# Internet Checksum: Simplified Step-by-Step Calculation Guide

###### Internet checksums help ensure all the data whizzing around via TCP/IP protocols isn't corrupted or lost. Calculating the internet checksum value only requires a bit of simple math--and some flipping of bits!

The Internet checksum is used in standard Internet Protocols such as IP, UDP, and TCP. This value is used to verify the integrity of data after transmission across the network. A client includes a checksum value in the segment header such that a receiver can use that value to directly verify data integrity.

Table of Contents

## How are Internet Checksums Calculated?

The means of calculating the Internet checksum are outlined by the 1988 RFC1071 and can be summarized as such:

1. Convert data into a series of 16-bit integers;
2. Calculate the sum of all 16-bit integers, allowing for the carry bit wrap around;
3. Take the 1’s complement of the final sum (flip the bits)

## What are Internet Checksums Used For?

This value is then put into the header of a data segment sent across the network. When the segment reaches its final destination, the receiving machine can verify the integrity using the checksum as such:

1. Convert the data segment into a series of 16-bit integers;
2. Calculate the sum of all 16-bit integers, allowing for the carry bit wrap-around;
3. Add the checksum to the final sum total;
4. If the final total is all 1’s the data is validated;
5. If any 0’s are detected the data has been corrupted.

## How are Internet Checksums Validated?

Checksum calculation is a very straightforward means of verifying transmitted data. The use of binary arithmetic allows some additional flexibility as well, as noted in the original RFC:

1. Sum calculation can be done the same regardless of machine endian-ness;
2. byte-swapping can be used to avoid word-boundary issues;
3. parallel summation possible on 32-bit machines (32 was modern at the time)
4. Deferral of the carry bits
5. Combination of checksumming and data copying;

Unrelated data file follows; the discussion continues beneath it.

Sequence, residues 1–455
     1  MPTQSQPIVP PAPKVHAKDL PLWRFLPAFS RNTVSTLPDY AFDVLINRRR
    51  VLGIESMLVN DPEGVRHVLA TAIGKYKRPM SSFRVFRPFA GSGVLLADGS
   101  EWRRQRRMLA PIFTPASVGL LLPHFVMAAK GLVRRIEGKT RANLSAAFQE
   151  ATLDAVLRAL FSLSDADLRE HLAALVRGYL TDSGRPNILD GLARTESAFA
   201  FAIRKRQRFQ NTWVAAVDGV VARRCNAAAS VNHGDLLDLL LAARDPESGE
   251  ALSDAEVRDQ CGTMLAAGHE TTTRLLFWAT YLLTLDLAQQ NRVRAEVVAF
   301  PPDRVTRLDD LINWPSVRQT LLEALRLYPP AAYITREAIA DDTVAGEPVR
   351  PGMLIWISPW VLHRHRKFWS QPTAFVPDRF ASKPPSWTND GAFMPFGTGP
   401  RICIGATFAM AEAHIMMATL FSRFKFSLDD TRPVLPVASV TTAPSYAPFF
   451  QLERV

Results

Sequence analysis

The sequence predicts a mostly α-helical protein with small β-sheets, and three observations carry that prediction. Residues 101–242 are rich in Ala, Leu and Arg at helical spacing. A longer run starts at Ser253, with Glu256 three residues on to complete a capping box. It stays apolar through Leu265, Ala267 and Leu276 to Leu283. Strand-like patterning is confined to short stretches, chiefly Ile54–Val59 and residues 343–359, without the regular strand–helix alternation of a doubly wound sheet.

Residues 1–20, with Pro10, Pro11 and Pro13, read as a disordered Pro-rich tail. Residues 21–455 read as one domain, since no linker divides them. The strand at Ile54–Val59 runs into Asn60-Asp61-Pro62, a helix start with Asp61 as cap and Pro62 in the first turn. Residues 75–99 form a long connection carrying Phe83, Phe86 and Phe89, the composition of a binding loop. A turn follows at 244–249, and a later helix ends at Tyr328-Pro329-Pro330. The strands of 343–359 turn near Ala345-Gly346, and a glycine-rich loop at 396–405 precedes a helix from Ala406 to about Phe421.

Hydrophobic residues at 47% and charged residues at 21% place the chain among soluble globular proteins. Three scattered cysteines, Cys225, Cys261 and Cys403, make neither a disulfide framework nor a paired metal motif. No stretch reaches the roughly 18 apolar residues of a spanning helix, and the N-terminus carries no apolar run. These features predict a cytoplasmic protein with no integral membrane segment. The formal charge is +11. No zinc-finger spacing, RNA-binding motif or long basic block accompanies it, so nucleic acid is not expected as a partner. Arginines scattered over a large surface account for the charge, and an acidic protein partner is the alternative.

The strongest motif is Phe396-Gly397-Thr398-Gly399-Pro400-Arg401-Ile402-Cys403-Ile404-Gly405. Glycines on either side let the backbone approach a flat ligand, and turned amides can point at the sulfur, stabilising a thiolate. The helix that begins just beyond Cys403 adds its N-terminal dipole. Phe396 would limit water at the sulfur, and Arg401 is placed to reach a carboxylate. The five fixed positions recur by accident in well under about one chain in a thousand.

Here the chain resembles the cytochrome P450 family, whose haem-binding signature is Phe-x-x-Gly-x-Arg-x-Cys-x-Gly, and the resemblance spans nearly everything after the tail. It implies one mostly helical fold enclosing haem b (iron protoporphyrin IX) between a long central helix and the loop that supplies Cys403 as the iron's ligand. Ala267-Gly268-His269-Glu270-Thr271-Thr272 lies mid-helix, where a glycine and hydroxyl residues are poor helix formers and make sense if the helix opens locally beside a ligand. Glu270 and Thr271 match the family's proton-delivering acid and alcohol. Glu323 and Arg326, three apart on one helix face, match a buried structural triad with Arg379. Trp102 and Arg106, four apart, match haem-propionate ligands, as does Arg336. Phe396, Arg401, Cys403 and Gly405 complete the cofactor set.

6. Incremental updates to checksum

Note: Step #6 was updated in the later RFC1141

## Step-by-Step Breakdown

The theory of checksum calculation accounts for lots of use cases and can get quite complex for those unfamiliar with its implications. Below is a simple illustration of how the checksum can be calculated for a data segment of 8 bits, separated into 2 4-bit words.

The final `1101` value represents the 1’s complement of the total bit sum of the segment’s data. This value is inserted into the header for use in receiver-side verification.

The receiver verifies the integrity of data similarly to how the checksum was created; by organizing data into 16-bit segments, adding all the values and accomodating wrap-around carry bits.

The checksum is then added to that total; if the result is all 1’s the integrity of the data is verified. If there are any 0’s the data is deemed to be corrupt. The following illustration shows the receiver-side verification process of the Internet checksum:

## Discussion

The Internet checksum is a relatively lightweight protocol that provides support for reliable data transport. This element is crucial to the guarantees made by TCP and a crucial component of modern network communications.

Checksum protocols come in a range of options—some even offering error-correction mechanisms. The Internet checksum protocol is lightweight and optimized for TCP/IP protocols that benefit from lightweight data requirements. The process outlined here has been one such simplified checksum.

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